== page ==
Seán Ó Séaghdha

I remember the sun jumping on the wall, above the files. Feeling a kind of unease as though I was needed somewhere else. The light coming towards me through the leaves outside.

The Boss dropped in on his way.

— The parting of companions, he said cheerfully.

He was right. We were leaving one by one. People transferring, people resigning: that lard-arse Blake died of a heart attack while he was sitting a couple of yards from me. He fell head first, his mouth slightly open and his eyes bulging. An undignified death. You won’t care about dignity when you’re dead, will you? After all, though, I have a (foolish) desire for a respectable death.

— Are there many left here? said the Boss.

— Three, I said.

— Martinu, Singh and Blood.

He pursed his lips.

— You’re drowning in space here, he said. You don’t need a lot of space, of course. Some snug little nook.

He waved goodbye to me with the light dancing behind him.

A postcard waiting for me at home. Mangrove trees and crocodiles on it — the second card I’d gotten from her. I wouldn’t go to those parts. The heat would kill me.

I have no companion except for a cat, a shaggy thing that gets half its food from the neighbours. Books and gardening are how I pass the time. I can read Chinese, which I learned so that I could understand someone else’s misfortune. I don’t travel.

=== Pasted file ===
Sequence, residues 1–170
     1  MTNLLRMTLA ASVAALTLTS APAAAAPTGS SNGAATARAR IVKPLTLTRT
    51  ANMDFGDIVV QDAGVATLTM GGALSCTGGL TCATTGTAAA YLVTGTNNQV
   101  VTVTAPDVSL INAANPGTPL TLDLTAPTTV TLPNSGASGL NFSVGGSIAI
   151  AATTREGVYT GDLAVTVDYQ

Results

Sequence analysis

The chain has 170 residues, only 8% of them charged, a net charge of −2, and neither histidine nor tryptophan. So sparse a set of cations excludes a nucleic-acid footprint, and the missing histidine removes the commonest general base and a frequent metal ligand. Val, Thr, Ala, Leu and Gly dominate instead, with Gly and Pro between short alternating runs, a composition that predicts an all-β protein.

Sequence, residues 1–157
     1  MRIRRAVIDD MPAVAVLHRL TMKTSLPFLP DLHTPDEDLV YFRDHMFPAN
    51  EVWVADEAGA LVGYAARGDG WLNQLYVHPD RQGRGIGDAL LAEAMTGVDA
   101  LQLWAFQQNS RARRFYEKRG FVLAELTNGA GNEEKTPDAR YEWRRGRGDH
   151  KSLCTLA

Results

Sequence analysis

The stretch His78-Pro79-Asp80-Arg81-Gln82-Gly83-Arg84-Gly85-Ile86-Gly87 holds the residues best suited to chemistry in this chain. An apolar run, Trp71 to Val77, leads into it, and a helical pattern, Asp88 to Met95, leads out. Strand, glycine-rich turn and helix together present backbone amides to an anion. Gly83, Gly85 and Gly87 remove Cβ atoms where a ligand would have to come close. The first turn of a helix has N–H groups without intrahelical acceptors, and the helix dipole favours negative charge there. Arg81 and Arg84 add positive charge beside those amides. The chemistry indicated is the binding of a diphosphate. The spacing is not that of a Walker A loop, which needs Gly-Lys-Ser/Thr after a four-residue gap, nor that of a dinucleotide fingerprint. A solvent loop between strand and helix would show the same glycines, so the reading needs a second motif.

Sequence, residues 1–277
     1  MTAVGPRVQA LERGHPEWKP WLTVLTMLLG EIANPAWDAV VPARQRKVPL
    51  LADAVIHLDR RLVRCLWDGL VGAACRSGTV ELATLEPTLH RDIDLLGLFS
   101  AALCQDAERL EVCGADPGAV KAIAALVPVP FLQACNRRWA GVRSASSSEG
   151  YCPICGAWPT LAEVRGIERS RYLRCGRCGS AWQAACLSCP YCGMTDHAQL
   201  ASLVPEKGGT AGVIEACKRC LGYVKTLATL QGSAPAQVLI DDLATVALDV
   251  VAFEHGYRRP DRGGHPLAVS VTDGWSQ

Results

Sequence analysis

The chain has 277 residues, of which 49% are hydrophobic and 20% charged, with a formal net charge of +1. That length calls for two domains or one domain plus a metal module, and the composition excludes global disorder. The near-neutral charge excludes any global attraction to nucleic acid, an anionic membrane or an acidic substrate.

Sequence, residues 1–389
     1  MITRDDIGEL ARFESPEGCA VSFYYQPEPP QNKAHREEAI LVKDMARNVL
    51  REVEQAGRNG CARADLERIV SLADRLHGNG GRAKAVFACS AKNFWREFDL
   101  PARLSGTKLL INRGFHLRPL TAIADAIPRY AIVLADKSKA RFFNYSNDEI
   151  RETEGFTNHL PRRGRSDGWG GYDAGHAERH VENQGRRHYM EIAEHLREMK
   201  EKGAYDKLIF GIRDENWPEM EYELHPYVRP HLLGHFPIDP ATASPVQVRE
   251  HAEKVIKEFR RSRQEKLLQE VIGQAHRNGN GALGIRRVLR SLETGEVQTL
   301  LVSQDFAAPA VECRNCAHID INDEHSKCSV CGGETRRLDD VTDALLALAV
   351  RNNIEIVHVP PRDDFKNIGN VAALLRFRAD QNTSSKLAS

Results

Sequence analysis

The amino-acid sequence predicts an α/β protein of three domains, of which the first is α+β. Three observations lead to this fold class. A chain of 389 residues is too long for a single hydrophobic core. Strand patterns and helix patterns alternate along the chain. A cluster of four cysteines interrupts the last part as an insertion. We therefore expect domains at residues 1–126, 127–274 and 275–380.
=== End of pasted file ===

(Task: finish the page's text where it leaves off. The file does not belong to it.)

I left that card in a drawer. But her voice settles in my head, a voice I’d heard for the first time six weeks before. I was making my supper when the phone summoned me.

— I’m your daughter, she said.

My daughter. Old memories burst up like indigestible, bitter dregs; every injustice I’d ever done to anyone else.

— Are you there? she said.

— Indeed, I am, I said. What is your name?

— Dearbhla, she said. I’m travelling the country. I’m in Queensland at the moment.

She’s coming from the north. I went on preparing the potatoes. My daughter. A fit came over me: a fit of rage or affection.

I didn’t ask after her mother. What use when her mother was astray in the far country? I tried hard to remember her name, a useless attempt. On my way to work I was studying the faces with hope and fear, looking for her features — features I wouldn’t recognise now, perhaps, if I saw them.

The three who were working next to me weren’t long to go. I was working on the accounts, verifying debts or cancelling them. While the demons danced at the back of my head.

On my way home one afternoon I dropped into a place I’d not frequented for many years: Il Gelsomino.

— Latte, please, I said.

— Is that you? said a man sitting behind me.

— More or less, I said.